David Thompson - This is a new concept that God would redeem Israel by “great judgments.” This has a definite application to the judgment plagues that God would bring upon the Egyptians (Ex. 7:4). So to the people of God, the “great judgments” would be a wonderful thing, but to the Egyptians they would be horrific. This did happen. In the mind of the Hebrew, a redeemer needed to be a close family member called “Kinsman Redeemer.” A good illustration here is the book of Ruth. Ruth was a Moabitess who linked herself to Naomi, who was her mother-in-law. Now the closest relative on earth was not willing to make the purchase price to redeem Ruth, so Boaz ended up doing it (Ruth 4:1-11). This is a beautiful picture of what God will do for Israel. Israel has no earthly redeemer. There is no such thing as an earthly Messiah who will be able to give her the land. But there is a heavenly Messiah who has paid the full redemptive price for this nation and He will redeem her (cf Zech 12:10-14+ Lk 24:21+ Titus 2:14+, 1 Pe 1:18+). It is Jesus Christ. He will return and He will give her all of her land. In order to redeem the individual sinner, there is a great judgment that is wrought by God (2 Cor 5:21+, 1 Pe 2:24+). That judgment was wrought against Jesus Christ and when you believe on Him you are redeemed.

C. I. Scofield said when you track the concept of “redemption” through the book of Exodus there are four critical things that are taught: (Scofield Reference Bible)

  1. Redemption is wholly from God.
  2. Redemption is through a person.
  3. Redemption is by blood.
  4. Redemption is by power.

Exodus 6:7  'Then I will take you for My people, and I will be your God; and you shall know that I am the LORD your God, who brought you out from under the burdens of the Egyptians.

BGT  Exodus 6:7 καὶ λήμψομαι ἐμαυτῷ ὑμᾶς λαὸν ἐμοὶ καὶ ἔσομαι ὑμῶν θεός καὶ γνώσεσθε ὅτι ἐγὼ κύριος ὁ θεὸς ὑμῶν ὁ ἐξαγαγὼν ὑμᾶς ἐκ τῆς καταδυναστείας τῶν Αἰγυπτίων

NET  Exodus 6:7 I will take you to myself for a people, and I will be your God. Then you will know that I am the LORD your God, who brought you out from your enslavement to the Egyptians.

LXE  Exodus 6:7 And I will take you to me a people for myself, and will be your God; and ye shall know that I am the Lord your God, who brought you out from the tyranny of the Egyptians.

NLT  Exodus 6:7 I will claim you as my own people, and I will be your God. Then you will know that I am the LORD your God who has freed you from your oppression in Egypt.

KJV  Exodus 6:7 And I will take you to me for a people, and I will be to you a God: and ye shall know that I am the LORD your God, which bringeth you out from under the burdens of the Egyptians.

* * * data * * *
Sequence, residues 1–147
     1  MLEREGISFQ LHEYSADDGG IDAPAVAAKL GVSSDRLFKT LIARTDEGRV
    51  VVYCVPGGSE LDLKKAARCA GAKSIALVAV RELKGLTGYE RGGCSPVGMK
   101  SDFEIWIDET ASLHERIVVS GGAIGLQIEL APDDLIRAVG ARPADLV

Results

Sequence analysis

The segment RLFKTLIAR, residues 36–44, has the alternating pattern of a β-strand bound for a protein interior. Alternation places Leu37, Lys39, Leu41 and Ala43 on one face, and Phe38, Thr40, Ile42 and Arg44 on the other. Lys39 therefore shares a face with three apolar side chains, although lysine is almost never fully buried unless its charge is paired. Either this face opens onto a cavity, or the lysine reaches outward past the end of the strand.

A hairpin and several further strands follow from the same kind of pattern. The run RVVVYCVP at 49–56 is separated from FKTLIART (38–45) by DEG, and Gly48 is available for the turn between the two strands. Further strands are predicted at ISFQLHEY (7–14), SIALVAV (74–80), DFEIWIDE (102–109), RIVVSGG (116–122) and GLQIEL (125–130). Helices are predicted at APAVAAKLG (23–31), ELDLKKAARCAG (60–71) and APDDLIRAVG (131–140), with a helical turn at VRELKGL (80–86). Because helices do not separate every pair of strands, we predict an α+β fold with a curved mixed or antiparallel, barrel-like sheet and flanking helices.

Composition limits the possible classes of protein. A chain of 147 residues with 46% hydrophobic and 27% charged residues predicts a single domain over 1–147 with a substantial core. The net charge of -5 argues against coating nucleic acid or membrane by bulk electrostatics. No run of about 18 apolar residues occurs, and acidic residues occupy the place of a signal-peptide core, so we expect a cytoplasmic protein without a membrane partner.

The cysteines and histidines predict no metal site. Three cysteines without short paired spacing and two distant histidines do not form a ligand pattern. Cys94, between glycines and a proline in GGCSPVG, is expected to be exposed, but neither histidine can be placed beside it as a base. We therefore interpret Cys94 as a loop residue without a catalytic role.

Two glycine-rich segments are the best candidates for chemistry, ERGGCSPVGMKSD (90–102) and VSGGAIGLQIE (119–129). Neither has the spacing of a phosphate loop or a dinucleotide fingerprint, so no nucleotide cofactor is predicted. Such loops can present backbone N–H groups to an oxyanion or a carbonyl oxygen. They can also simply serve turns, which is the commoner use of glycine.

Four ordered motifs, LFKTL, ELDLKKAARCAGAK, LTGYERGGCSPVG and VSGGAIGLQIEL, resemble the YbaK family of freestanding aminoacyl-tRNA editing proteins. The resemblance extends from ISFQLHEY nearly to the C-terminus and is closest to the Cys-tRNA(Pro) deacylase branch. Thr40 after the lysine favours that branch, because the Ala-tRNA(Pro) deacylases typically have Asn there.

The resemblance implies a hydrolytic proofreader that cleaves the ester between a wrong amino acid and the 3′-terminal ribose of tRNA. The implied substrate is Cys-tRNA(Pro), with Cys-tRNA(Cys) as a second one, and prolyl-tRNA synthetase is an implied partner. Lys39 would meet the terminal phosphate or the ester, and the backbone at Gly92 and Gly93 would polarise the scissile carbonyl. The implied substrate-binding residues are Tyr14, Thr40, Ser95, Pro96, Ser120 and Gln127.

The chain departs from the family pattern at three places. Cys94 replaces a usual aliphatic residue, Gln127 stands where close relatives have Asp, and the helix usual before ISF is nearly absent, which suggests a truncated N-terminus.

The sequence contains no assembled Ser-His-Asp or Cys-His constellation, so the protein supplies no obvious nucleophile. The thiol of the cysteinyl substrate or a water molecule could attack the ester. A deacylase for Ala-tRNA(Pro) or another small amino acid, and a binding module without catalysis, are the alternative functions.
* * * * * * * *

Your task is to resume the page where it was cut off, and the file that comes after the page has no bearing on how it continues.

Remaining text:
ESV  Exodus 6:7 I will take you to be my people, and I will be your God, and you shall know that I am the LORD your God, who has brought you out from under the burdens of the Egyptians.

NIV  Exodus 6:7 I will take you as my own people, and I will be your God. Then you will know that I am the LORD your God, who brought you out from under the yoke of the Egyptians.

ASV  Exodus 6:7 and I will take you to me for a people, and I will be to you a God; and ye shall know that I am Jehovah your God, who bringeth you out from under the burdens of the Egyptians.

CSB  Exodus 6:7 I will take you as My people, and I will be your God. You will know that I am Yahweh your God, who delivered you from the forced labor of the Egyptians.

NKJ  Exodus 6:7 `I will take you as My people, and I will be your God. Then you shall know that I am the LORD your God who brings you out from under the burdens of the Egyptians.

NRS  Exodus 6:7 I will take you as my people, and I will be your God. You shall know that I am the LORD your God, who has freed you from the burdens of the Egyptians.

YLT  Exodus 6:7 and have taken you to Me for a people, and I have been to you for God, and ye have known that I am Jehovah your God, who is bringing you out from under the burdens of the Egyptians;

  • I will take - Ex 19:5,6 Ge 17:7,8 De 4:20 7:6 14:2 26:18 2Sa 7:23,24 Jer 31:33 Ho 1:10 1Pe 2:10 
  • I will be - Ex 29:45,46 De 29:13 Zec 13:9 Mt 22:32 Ro 8:31 Heb 11:16 Rev 21:3,7 
  • from under the burdens of the Egyptians - Ex 5:4,5 Ps 81:6 


Kaiser - Two more first-person verbs detailed God’s promise to adopt Israel as His own people - will take you as my own people and  I will be your God. 

Cole points out that I will take you for My people, and I will be your God "is one of the clearest statements of the mutual relationships brought about by the covenant. For an amplification, see Exodus 19:5, 6, at the actual covenant-making between God and Israel."